As the years go by, George grows up, changes, evolves. Ann sticks to her principles, which can be boiled down to she doesn’t like white people, and she really doesn’t like her wealthy parents. The two women have a bitter argument and don’t speak for years, until Ann is accused of a violent and sensational crime and George has to walk down that pathway of memory and revisit those places that no longer exist.

It’s hard for me to say “I loved this book” or “I really felt like I understood the characters” because a lot of emotional mud got stirred into the clear water. So let me say I’m glad I read it and glad I spent some time back there. And I miss you, George.

The Last of Her Kind is by Sigrid Nunez. I’m Kim Alexander and this is Fiction Nation on Book Radio, SiriusXM Channel 80.


I’m Kim Alexander and this is a Fiction Nation minute. The book is The Last of Her Kind by Sigrid Nunez.

Reading this novel, about two very different women and the paths their lives take, I couldn’t help but think about some of my old friends, and wonder where they are today, so I guess on an emotional level, this one really affected me. It’s a beautifully written story, narrated by George, a young woman who grew up in the middle of the Age of Aquarius, when civil rights and social justice was the story of the day. The Last of Her Kind is also the story of her college roommate Ann, the daughter of privilege, who turned her back on her wealthy family and committed a violent crime. Although their lives went in different directions, they never entirely separated. It’s as intimate as the story of a friendship and big enough to say, it’s about American women. The Last of Her Kind by Sigrid Nunez. I’m Kim Alexander and this is Fiction Nation on Book Radio, SiriusXM Channel 80.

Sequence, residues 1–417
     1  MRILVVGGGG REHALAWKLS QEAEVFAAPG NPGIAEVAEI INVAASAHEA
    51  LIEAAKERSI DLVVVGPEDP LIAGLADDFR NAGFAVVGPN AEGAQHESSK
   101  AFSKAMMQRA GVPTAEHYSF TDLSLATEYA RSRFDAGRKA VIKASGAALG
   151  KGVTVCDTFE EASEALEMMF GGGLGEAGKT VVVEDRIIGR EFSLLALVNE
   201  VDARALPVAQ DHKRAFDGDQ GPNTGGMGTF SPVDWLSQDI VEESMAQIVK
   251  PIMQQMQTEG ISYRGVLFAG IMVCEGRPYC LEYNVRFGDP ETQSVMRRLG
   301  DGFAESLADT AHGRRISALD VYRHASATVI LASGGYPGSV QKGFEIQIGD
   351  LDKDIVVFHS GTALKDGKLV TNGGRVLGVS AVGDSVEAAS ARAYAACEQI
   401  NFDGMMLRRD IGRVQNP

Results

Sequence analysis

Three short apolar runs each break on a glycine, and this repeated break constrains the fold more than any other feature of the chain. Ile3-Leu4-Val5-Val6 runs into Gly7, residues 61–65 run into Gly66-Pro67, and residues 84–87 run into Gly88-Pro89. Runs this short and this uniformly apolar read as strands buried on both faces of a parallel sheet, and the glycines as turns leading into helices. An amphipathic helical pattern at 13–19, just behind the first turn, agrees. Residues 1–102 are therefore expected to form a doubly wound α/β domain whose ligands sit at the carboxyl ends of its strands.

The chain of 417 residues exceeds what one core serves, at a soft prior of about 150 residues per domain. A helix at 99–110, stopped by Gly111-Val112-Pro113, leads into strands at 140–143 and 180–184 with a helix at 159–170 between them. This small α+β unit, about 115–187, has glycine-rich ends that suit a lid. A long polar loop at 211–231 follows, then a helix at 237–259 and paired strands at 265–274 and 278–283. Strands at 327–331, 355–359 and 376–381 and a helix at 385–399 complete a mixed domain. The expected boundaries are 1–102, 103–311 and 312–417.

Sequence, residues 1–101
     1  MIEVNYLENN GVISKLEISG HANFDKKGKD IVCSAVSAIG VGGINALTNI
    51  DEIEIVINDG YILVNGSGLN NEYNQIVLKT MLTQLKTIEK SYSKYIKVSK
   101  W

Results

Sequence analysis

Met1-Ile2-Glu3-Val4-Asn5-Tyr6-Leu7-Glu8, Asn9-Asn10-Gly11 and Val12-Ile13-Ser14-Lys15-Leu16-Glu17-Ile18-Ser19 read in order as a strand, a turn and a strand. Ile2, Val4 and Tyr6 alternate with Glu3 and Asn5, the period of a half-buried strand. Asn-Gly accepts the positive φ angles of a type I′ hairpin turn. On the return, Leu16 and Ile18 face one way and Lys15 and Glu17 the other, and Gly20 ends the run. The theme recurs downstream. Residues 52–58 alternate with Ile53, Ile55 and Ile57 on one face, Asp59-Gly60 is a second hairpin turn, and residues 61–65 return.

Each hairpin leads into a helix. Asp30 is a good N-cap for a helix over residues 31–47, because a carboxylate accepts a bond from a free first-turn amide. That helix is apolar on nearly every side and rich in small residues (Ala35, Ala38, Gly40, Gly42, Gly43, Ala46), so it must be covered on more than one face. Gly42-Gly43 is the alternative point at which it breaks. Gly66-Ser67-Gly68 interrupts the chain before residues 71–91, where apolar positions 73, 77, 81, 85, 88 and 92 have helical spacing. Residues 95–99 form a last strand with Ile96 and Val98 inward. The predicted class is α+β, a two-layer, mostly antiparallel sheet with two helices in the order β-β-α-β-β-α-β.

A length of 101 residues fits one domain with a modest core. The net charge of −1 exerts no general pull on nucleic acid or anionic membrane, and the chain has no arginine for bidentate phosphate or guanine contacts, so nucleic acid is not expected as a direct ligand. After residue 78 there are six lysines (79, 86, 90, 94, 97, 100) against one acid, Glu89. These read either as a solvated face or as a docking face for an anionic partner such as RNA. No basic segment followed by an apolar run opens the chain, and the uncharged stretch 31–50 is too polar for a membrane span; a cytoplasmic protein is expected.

I’m Kim Alexander and this is a Fiction Nation minute. The book is The Last of Her Kind by Sigrid Nunez.

The story of America in the 60’s is really still being written, it only seems like a long time ago. It’s hard for some of us now to think that people had lives while all that stuff was going on around them. This book is about two women — friends for a while — who were part of the civil and social revolution, and also had jobs and boyfriends, whose lives took very different paths. George, from a desperately poor family, longs for stability, and tries to deal with her damaged, flower child sister. Ann loathes her wealthy family and dedicates herself to helping the poor. When Ann commits a violent crime, George has to confront the choices she’s made. The Last of Her Kind moves back and forth between decades, narrators, and styles; it’s enormously well done. It made me think a lot about my friends and my own choices. That’s a lot for a book to offer. The Last of Her Kind is by Sigrid Nunez. I’m Kim Alexander and this is Fiction Nation on Book Radio, SiriusXM Channel 80.


I’m Kim Alexander and this is a Fiction Nation minute. The book is The Last of Her Kind by Sigrid Nunez.

When I picked this one up, I thought it might be a little homework-y. The topic — two women coming of age during the social upheaval of the 60s — is a serious one, and one of the women commits a violent crime. The subject is serious, but the book is fascinating, and honestly, I couldn’t put it down. It’s a period I barely remember, and the author does a fine job of showing how life went on side by side with Woodstock, Altamonte, Patty Hearst: it wasn’t history back then, after all. The Last of Her Kind talks about the kind of friendship that may not last forever, and the kind of friends that you never stop thinking about. The Last of Her Kind by Sigrid Nunez. I’m Kim Alexander on Fiction Nation on Book Radio, SiriusXM Channel 80.


Buy this book from Amazon.com